The Chief Constable of the PSNI has apologised after a report by the Police Ombudsman, investigating the handling of the Black Lives Matter protest, identified severe damage to confidence in policing among some within the black, Asian and minority ethnic communities in Northern Ireland.
Police Ombudsman Marie Anderson says that claims the PSNI’s handling of protests in Derry and Belfast, as well as a counter demonstration in 2020, amounted to unfairness and discrimination were “justified”, however, she added her belief that this was not intentional and not based on race or ethnicity.
The Ombudsman blamed the situation on a failure by police to “fully understand their human rights obligations”.
The PSNI came in for criticism after a number of differences between their handling of the Black Lives Matter protests and a Protect Our Monuments demonstration in June 2020.
Against the backdrop of Covid-19 restrictions, PSNI encouraged demonstrators to gather in a Covid-19 compliant manner for the Protect our Monuments demonstration but had attempted to persuade organisers of the previous Black Lives Matter protests to cancel their events.
Also contrasting was that the PSNI had issued enforcement notices for breaches of the public health regulations at the Black Lives Matter protest but did not issue any at the Protect our Monuments demonstration.
The Ombudsman’s report found no evidence of harassment at the protests but added: “in undertaking planning for 6 June (Black Lives Matter protest), police failed to have sufficient regard to a number of issues including the international and domestic context of ‘Black Lives Matter’; a public response to the police use of force against George Floyd and other members of the black community in the USA, and wider concerns of racial inequality.”
Following the publication of the Ombudsman’s report in December 2020, PSNI Chief Constable Simon Byrne said, “the time is right to show some humility and say sorry”, six months after the events took place.
No apology was issued directly after similar findings were included in a Policing Board Report published in November. The Policing Board tasked its human rights adviser John Wadham to undertake a wide-ranging review of the policing response to Covid-19 between March and June 2020.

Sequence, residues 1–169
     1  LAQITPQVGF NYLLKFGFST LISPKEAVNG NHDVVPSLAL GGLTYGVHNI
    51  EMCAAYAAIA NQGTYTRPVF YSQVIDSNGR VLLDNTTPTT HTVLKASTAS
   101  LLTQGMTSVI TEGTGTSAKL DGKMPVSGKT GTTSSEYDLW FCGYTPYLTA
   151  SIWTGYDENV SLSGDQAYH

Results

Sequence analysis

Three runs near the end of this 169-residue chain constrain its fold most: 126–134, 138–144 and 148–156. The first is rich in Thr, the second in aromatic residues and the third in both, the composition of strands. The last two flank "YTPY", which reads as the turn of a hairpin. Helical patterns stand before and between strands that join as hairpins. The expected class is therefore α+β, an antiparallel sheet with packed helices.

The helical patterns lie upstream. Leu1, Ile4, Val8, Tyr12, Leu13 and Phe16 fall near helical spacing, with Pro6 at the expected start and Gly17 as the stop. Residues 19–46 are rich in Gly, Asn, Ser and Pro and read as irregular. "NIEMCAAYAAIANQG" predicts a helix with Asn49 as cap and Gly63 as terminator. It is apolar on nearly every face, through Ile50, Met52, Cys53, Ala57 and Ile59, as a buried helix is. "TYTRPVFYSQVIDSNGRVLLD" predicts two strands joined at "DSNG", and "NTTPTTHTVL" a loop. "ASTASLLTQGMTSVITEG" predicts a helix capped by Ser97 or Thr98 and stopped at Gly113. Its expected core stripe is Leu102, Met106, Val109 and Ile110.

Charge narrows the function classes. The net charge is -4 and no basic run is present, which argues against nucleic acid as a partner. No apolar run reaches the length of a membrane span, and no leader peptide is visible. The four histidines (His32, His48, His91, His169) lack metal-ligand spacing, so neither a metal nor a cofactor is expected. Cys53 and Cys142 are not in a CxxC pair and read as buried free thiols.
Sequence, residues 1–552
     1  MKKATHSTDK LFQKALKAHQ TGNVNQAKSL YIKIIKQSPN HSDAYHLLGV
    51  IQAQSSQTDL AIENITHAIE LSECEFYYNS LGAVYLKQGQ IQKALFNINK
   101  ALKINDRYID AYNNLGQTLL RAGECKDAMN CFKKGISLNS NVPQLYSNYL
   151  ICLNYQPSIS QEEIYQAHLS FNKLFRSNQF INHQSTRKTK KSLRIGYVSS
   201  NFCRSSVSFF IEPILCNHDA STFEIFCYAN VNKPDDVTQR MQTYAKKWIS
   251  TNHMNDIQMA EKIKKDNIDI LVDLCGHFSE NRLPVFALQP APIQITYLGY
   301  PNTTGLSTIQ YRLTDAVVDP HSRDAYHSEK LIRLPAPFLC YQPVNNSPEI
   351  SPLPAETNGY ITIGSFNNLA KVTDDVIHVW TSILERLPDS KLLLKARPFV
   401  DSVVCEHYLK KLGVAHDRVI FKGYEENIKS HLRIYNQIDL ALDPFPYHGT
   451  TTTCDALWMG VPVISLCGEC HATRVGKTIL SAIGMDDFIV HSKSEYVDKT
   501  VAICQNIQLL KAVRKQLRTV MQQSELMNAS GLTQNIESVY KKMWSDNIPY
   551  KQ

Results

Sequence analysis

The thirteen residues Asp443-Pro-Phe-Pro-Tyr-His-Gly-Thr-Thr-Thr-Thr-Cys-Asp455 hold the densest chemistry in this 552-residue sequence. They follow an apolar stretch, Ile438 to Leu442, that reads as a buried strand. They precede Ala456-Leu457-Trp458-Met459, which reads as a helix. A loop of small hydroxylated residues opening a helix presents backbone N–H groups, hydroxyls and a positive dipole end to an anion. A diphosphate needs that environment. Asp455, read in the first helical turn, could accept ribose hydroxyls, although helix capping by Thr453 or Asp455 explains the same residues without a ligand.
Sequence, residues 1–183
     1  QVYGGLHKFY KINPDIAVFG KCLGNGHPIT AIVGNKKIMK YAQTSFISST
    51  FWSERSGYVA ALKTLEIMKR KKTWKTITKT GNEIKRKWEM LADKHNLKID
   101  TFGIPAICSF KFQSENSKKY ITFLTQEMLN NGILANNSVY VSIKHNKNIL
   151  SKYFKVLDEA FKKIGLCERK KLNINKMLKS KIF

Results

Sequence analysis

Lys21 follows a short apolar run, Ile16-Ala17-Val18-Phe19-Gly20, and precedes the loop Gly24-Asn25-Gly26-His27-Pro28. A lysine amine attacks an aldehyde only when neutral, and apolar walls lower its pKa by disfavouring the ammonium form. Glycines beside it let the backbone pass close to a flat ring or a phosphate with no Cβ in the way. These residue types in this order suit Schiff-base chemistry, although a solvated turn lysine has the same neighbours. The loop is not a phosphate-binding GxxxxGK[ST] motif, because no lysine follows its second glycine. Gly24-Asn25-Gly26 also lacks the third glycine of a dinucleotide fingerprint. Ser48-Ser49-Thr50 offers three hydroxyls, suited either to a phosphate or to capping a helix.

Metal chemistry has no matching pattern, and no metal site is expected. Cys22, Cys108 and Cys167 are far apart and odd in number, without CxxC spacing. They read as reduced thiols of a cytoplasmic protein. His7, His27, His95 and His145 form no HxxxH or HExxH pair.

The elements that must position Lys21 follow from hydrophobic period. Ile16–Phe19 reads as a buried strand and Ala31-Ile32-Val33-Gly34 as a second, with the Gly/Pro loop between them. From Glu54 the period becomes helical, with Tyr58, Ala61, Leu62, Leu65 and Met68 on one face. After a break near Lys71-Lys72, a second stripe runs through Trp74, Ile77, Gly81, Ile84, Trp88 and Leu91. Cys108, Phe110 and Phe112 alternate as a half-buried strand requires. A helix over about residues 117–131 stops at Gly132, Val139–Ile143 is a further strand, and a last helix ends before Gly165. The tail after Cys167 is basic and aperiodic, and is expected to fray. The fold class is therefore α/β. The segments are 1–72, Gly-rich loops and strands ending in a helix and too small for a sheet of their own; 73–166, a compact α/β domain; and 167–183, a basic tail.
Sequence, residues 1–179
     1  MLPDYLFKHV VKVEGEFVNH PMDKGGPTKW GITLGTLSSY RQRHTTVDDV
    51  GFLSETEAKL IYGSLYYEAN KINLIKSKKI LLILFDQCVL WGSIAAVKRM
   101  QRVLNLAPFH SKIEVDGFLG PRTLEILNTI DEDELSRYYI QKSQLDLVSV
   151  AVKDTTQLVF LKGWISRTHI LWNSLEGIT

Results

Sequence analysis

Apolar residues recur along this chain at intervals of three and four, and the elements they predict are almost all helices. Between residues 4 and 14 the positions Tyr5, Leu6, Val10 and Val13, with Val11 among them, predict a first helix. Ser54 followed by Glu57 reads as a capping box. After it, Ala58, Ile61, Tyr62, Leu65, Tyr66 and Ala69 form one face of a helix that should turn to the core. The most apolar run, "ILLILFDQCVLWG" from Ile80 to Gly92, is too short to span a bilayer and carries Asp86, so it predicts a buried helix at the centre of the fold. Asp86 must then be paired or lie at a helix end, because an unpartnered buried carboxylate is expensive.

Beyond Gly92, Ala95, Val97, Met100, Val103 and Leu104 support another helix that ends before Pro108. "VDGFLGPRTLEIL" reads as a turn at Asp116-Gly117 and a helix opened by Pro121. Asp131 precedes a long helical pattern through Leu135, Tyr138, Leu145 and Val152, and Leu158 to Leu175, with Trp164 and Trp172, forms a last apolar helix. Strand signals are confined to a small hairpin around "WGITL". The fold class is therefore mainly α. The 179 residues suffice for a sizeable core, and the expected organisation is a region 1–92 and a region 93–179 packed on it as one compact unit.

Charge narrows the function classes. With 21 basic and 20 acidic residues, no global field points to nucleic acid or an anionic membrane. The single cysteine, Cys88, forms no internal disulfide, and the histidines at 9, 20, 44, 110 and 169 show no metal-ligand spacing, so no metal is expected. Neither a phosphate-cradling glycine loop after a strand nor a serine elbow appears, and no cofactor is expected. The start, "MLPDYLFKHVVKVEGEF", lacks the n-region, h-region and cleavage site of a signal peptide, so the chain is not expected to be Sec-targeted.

The review led to the Policing Board questioning whether the force’s approach to Black Lives Matter protests was “unlawful” and said that the reputation of the PSNI had been damaged by its handling of Black Lives Matter protests.
“The approach sent the wrong message and damaged the reputation of the PSNI,” the report said, adding: “A court might rule that the actions of the PSNI were unlawful.”
The PSNI has recently announced it is to establish a task force to help rebuild relations with black, Asian and ethnic minority groups.
The PSNI has a legacy of cultural underrepresentation of Catholics, women and ethnic minorities in its ranks. Latest statistics at the end of 2020 show that of its overall police officer workforce, less than 32 per cent are Catholic, 30 per cent are female and less than 0.6 per cent are from an ethnic minority background.
In response to the Ombudsman’s report, the President of the UK’s National Black Police Association, a serving PSNI officer, Andrew George labelled the PSNI “institutionally racist” in relation to existing systems and processes within PSNI which work to the detriment of Black, Asian and Minority Ethnic communities.
The Ombudsman made a series of recommendations for future changes to police policies, namely the adoption of a human rights-based approach to policing protests, the review of Fixed Penalty Notices issued and potential redress and periodic reporting to the Policing Board on police engagement with BAME communities in Northern Ireland.